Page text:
Ski Area Management Magazine reports the 39th Rocky Mountain Lift Association Spring Conference and Trade Show in Grand Junction, Colo., May 10-13, drew the second-largest turnout in its history. The attendance reflects the renewed sense of optimism about the future that also fueled the nation’s 59.7 million resort visits last winter.
RMLA continued its multi-track program for training and personnel management, safety, basic and advanced mechanics and electronics, and government rules and regulations. With an increasing number of The Occupational Safety and Health Administration (OSHA) visits to winter resorts, OSHA had a presence in several seminars this year. And of course, lift and conveyor companies hosted manufacturer-specific sessions.
Aviation consultant John Goglia, who is often credited with establishing the importance of "human maintenance factors" in the airline industry, noted the many parallel issues faced by mechanics in the airline and lift industries. Among those: pressures to drive costs down by cutting staff and raising efficiency, and resulting pressure on managing safety. He recounted some serious incidents that resulted from deferred maintenance, improper training, and plain human error. He urged lift mechanics and managers to do as he did, and collect solid data on what incidents have occurred and why. "Data will drive your maintenance program and help you", he said. "You have to have data, and track it, to convince management of the need to change the safety culture".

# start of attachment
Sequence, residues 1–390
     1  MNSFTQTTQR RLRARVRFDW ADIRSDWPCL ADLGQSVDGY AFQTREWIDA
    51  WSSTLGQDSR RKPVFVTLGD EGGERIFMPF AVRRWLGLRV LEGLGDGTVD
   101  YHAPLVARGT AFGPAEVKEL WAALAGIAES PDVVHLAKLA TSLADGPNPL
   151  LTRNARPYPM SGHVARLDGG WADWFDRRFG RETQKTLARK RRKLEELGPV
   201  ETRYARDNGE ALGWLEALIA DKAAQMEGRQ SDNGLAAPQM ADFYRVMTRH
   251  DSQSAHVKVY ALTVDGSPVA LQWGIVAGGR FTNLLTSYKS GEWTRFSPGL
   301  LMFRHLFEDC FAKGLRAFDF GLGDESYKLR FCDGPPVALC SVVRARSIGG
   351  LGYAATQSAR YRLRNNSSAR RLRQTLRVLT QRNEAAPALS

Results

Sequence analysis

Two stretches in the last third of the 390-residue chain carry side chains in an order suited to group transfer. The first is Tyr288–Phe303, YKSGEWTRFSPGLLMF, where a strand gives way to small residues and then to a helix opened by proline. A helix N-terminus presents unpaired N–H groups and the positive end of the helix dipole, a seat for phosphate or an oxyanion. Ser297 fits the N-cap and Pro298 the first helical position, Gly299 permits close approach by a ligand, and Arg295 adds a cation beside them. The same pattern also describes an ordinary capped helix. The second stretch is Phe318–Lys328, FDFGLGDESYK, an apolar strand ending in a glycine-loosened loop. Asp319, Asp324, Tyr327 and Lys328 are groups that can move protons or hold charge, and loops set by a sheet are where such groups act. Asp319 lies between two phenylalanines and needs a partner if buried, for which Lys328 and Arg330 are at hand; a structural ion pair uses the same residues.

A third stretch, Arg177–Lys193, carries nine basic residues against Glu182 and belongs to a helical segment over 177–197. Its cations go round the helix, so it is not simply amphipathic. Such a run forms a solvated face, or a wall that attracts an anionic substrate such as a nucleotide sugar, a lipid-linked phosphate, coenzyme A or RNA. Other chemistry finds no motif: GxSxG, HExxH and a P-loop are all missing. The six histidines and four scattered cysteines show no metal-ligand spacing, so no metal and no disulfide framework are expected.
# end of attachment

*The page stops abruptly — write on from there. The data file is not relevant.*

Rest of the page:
Safety is always at the top of the RMLA agenda. One of the annual highlights of the show, and one of the reasons for the founding of RMLA, is the "incident roundtable", during which time the audience revisits some of the previous year’s lift incidents. There were very few this past season, the brake failure at Devil’s Head, Wisc., being the most widely publicized. NSAA’s Sid Roslund described the series of events that led to the failure, from delayed maintenance to improper parts, and noted that if any one of the failures had been avoided, the incident would not have occurred. As is often the case, there were perhaps a dozen steps that led to the failure, not just a single failure. The lesson is simple: tend to the small issues before they contribute to a big problem.